What You Can Learn from 5 of Our Favorite Videos of the Past Year
In our line of work, we watch countless hours of video, but sometimes we see one that really sticks with us. The ones we remember often have similar characteristics – they’re creative, they’re both affective and effective, and their message is crystal clear.
On-the-Go Video: Using Vertical Video to Engage Mobile Users
Welcome to the age of mobile video. Well, a newer age. While mobile video has been around for some time now, Snapchat’s discovery buttons have opened up companies to vertical video content like never before. Snapchat’s increasing popularity and style has companies itching to tap into their large user base and vertical video is allowing them to do just that.
Vertical video utilizes the whole screen for users holding a mobile device in a vertical, one-handed position. To put it simply, this is a technical change from filming in widescreen, which has been the default for video up until now. Its rise is mainly due to the fact that it omits the inconvenience of needing to turn your device sideways to view the video full screen. Thus the birth of vertical video: a trend, like it or not, that businesses in some verticals will need to consider as part of their mobile strategies.
Buzz Feed, ESPN, CNN, People, National Geographic, Cosmopolitan and many other outlets have taken advantage of vertical video, using Snapchat as a channel for their content through their own discovery buttons, which appear to every user. The emergence of these channels allows ads to be inserted between the content clips when exploring each discovery button, an opportunity companies can take advantage of.
Are you ready to test out vertical video? Here are a few tips for getting started:
- Keep it mobile: Vertical videos should be kept to strictly mobile channels. Vertical video’s aesthetic doesn’t translate well to other screens – but there still should be the same amount of effort and care used in creating these videos as with any other company video.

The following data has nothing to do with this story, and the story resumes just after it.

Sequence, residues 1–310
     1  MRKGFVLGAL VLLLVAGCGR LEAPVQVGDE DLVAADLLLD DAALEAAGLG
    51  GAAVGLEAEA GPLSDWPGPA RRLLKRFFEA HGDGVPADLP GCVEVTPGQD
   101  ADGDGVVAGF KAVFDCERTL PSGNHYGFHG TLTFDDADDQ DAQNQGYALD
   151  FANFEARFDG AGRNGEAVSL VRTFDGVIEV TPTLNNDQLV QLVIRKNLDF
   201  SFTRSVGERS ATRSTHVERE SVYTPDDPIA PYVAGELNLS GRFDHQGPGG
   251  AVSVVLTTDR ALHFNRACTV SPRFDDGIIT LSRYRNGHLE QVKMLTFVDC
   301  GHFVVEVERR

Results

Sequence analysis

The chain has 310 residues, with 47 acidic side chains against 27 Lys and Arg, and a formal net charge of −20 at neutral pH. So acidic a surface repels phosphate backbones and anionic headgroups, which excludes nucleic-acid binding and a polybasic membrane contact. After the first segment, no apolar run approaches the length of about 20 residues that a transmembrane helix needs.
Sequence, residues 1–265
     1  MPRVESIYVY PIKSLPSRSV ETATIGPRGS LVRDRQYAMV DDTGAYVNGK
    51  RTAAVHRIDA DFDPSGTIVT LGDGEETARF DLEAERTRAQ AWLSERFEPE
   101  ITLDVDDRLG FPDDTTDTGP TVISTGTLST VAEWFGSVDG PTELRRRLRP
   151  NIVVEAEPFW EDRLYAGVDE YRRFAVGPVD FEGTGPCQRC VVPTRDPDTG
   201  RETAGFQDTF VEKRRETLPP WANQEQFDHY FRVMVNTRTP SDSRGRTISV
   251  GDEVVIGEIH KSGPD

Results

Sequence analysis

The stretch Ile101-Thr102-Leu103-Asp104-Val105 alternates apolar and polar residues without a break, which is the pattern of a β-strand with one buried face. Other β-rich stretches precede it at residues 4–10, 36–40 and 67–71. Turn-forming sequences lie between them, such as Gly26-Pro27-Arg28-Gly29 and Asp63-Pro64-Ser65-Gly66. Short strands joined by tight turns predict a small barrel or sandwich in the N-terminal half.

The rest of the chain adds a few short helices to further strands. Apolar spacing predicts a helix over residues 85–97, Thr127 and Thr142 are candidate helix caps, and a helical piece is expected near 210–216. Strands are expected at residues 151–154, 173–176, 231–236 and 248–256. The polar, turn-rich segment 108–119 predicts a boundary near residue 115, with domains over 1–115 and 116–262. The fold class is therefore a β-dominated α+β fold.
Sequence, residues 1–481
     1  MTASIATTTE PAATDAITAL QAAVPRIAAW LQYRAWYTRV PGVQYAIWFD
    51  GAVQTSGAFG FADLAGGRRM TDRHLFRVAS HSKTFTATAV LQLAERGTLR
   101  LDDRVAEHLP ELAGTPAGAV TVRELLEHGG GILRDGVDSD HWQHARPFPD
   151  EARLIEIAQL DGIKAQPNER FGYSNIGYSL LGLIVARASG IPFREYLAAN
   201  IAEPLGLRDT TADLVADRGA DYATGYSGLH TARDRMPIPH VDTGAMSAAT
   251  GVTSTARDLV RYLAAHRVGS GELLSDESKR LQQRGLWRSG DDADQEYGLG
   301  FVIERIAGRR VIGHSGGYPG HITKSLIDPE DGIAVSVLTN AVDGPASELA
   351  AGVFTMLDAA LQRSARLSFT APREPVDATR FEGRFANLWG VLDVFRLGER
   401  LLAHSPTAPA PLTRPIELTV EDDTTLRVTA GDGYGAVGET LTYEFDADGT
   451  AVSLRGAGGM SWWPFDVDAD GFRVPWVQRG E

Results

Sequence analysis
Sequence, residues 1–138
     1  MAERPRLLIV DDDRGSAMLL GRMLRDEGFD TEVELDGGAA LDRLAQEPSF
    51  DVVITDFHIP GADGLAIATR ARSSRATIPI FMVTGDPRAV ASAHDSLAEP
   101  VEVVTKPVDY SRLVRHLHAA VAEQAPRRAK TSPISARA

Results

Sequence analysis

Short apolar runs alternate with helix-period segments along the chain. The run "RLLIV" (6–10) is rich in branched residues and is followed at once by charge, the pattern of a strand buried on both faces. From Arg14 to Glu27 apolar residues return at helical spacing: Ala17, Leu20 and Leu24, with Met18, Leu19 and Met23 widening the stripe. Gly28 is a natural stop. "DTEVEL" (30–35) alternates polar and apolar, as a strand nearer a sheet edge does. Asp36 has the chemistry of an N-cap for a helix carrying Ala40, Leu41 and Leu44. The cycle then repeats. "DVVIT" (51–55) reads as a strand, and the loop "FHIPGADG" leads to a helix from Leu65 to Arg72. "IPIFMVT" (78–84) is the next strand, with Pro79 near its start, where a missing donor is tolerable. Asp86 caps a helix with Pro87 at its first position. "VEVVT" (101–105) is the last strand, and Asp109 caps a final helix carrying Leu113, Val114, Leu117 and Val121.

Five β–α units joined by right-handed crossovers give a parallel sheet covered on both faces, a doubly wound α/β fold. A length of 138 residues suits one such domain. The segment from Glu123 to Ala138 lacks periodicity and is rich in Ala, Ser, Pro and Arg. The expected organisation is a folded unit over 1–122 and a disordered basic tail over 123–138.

- Create a company Snapchat account: In order to purchase an advertisement on Snapchat you will have to drop a lot of dough. Your best bet for getting started is to dip your toes in the water by trying out some ideas using your organic audience as a free testing ground for your videos.
- Practice: A big draw of Snapchat is that videos shared through the platform disappear after a short period of time. When you are first starting out on Snapchat, the audience will be small – but so will the risk. Any less-than-perfect efforts will disappear eventually. Don’t be afraid to try something creative.
- Utilize Snap-story: While Snapchats delete in ten seconds or less, Snap-stories are accessible for up to 24 hours and can be viewed multiple times. This is ideal for businesses because it creates more opportunity for visibility. Snap-story even keeps track of how many views your post gets (though it won’t show if a person viewed it more than once).
- Move to other platforms: Once you’re comfortable with the format, try developing more complex videos for your mobile versions of Facebook and Twitter. Unlike Snapchat, you can edit these videos and craft the exact message you want.